Military Training Units Seen as Career Detours
Thursday, October 25, 2007
FORT RILEY, Kan., Oct. 24 -- The United States' exit from Iraq and Afghanistan depends on stepping up U.S. advising of those nations' security forces, Adm. Michael Mullen, chairman of the Joint Chiefs of Staff, said Wednesday as he visited military training teams preparing to deploy.
"It's the way out, no question, in both countries," Mullen told Lt. Col. Geoffrey D. Ellerson, whose 11-man training team will leave in three weeks for a year-long tour in a volatile region of Iraq east of Baghdad. "I can't overstate the importance" of the teams, he said.
The military is planning to expand the advisory teams and expects to have a decision by spring on the numbers and composition of additional U.S. forces needed for the effort, said Maj. Gen. Robert Durbin, who oversees the training. Durbin said he could easily double the number of troops going through the 72-day training program. In all, about 4,800 team members have been trained over the past year.
The teams are critical to the U.S. military strategy in Iraq, where they include about 1,500 military personnel, and in Afghanistan, where they have about 600 members. In Iraq, the teams live and work alongside Iraqi army and police units, teaching them basic tactics and planning, providing them with intelligence, air power and other support, as well as monitoring their operations for signs of sectarian activity and other abuses.
One challenge to expanding the advisory effort, however, is attracting highly qualified Army officers to leave traditional career paths to join the teams, which some see as hurting their chances for promotion, according to several officers interviewed this week.
The teams are composed of mid-grade officers and enlisted personnel who are also in demand for combat duties.
"It's not a dead end, but it slows down your career," said Capt. Richard Turvey, 35, of Muncie, Ind. About half of the captains such as Turvey who attend field artillery school at Fort Sill, Okla., are being assigned to the training teams.
"I became an officer to be a commander; now I'm going to have to wait longer," agreed Capt. Mark Johnstone, 33, of Denver. "The teams are taking us from our traditional roles as artillerymen."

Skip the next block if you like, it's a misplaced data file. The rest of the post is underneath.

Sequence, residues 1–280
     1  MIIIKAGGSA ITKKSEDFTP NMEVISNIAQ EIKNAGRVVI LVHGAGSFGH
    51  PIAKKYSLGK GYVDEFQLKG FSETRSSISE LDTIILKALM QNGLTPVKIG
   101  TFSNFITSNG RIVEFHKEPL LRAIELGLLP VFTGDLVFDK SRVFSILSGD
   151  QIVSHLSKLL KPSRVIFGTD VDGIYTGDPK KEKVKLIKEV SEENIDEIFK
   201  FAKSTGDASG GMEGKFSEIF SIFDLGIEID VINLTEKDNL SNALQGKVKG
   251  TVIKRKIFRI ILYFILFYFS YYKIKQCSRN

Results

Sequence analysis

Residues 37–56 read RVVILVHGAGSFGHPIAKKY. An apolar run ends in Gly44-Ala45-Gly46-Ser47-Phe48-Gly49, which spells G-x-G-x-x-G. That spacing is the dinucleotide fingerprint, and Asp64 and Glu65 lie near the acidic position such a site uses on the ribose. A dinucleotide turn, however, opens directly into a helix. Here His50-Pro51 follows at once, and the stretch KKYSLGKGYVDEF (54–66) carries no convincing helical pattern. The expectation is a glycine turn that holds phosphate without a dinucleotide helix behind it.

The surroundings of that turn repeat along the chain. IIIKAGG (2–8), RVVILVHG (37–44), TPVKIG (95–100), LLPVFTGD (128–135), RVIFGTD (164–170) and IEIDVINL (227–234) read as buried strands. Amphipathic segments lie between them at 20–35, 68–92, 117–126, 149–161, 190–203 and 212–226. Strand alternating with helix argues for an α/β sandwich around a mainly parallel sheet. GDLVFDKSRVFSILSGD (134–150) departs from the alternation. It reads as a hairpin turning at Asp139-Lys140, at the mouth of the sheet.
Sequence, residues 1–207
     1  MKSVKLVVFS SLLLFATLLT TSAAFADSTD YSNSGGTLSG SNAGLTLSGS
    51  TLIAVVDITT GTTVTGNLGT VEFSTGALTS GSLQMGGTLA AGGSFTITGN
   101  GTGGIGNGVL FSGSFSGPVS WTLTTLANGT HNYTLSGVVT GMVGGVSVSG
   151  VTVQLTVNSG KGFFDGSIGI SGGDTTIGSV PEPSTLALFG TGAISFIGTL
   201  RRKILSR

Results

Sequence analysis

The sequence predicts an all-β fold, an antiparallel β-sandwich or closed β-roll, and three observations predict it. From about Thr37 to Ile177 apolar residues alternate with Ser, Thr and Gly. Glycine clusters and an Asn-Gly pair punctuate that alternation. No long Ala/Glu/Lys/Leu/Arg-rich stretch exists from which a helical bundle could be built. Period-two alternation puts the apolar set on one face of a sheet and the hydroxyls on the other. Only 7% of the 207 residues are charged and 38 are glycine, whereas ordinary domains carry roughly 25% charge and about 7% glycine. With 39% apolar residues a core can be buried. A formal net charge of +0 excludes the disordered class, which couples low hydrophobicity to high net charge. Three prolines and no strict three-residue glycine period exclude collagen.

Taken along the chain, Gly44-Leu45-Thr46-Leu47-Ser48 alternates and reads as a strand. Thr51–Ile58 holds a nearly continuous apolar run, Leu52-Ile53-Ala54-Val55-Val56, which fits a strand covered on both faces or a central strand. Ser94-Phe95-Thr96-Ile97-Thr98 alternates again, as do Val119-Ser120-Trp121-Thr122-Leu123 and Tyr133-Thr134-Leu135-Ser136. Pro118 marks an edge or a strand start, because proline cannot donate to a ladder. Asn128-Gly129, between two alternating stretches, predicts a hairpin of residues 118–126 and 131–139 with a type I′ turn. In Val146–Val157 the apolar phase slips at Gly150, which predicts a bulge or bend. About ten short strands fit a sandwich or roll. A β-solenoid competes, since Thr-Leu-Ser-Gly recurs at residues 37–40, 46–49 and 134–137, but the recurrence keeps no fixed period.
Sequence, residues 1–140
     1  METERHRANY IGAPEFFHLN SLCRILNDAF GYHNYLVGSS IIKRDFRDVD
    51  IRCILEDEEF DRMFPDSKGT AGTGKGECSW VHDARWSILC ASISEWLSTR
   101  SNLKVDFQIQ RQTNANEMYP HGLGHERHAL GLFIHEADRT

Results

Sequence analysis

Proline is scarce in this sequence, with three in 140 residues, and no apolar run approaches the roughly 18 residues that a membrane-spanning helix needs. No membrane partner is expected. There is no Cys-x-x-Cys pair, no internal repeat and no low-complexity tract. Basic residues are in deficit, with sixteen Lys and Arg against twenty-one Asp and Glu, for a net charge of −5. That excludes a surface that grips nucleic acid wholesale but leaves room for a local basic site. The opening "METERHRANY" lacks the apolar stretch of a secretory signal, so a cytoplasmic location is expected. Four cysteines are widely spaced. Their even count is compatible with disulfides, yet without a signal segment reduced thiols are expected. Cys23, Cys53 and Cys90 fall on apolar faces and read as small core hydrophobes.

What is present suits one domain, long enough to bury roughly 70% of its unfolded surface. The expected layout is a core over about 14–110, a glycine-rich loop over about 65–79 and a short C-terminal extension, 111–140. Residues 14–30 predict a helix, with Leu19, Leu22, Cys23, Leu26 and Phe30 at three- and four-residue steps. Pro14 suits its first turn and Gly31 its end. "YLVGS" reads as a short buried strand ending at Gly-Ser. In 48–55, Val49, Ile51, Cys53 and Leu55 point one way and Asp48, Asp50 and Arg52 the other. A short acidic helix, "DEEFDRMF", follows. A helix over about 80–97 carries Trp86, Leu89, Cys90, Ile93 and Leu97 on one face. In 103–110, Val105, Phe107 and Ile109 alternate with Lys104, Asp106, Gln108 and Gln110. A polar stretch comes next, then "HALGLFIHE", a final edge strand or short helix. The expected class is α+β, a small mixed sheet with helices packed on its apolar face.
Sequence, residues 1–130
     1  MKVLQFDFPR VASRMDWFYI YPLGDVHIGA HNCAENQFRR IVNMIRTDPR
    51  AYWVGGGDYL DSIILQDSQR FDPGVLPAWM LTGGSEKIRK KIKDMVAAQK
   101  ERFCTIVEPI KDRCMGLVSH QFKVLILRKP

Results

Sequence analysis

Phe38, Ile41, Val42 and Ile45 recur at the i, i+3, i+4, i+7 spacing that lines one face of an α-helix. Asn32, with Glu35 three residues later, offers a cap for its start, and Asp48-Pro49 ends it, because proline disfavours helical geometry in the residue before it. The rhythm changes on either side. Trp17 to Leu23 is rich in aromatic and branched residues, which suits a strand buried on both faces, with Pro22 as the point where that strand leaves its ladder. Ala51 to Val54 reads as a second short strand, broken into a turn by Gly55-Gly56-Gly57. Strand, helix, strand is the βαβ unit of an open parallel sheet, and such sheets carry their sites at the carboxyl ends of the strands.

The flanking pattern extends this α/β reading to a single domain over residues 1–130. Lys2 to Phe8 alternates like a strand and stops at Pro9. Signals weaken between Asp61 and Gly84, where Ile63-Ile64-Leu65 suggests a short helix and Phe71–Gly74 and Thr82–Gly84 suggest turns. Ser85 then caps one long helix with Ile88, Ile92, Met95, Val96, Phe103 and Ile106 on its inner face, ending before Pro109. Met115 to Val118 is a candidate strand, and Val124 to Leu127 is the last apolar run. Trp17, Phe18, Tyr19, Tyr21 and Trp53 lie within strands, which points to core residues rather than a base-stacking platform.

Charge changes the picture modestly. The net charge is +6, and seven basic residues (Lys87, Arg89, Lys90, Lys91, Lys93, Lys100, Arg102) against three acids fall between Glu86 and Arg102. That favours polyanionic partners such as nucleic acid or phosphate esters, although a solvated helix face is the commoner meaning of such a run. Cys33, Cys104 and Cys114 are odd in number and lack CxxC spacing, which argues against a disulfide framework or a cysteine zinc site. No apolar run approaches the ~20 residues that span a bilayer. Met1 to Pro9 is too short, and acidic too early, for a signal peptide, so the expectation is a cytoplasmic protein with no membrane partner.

Changing military promotion policies to reward officers to serve on the teams is vital, according to Mullen and other officers.
"Individuals have to see this as meaningful in their career, and the services have to recognize this and start promoting" those who serve on the teams, said Mullen, adding that he plans to raise the issue with Gen. George W. Casey Jr., the Army chief of staff.
So far, officers remain skeptical.
"We have to have certain jobs to be competitive." said Maj. Jason Jones, one of a group of Army majors attending school at Fort Leavenworth who voiced reluctance to join the training teams. "That takes me out of the cycle. In essence, it sort of hurts you," Jones said.
Promotion prospects for those who serve on the teams remain uncertain, said Maj. Kealii T. Morris. "The jury is still out" on how promotion boards will treat officers who serve on the teams, he said.
Another way to expand the training effort is to create the U.S. teams out of entire units, rather than individuals, Durbin said.
He said that in addition to training the small teams of about a dozen individual soldiers, he seeks to give the Army the option of training entire units such as battalions with several hundred soldiers.
The advantages of training a battalion is that a battalion is already a cohesive unit and would fit smoothly into military rotational cycles, Durbin said. In the future, he anticipates training small teams and units, which would in turn be broken into small teams to partner with Iraqi and Afghan units.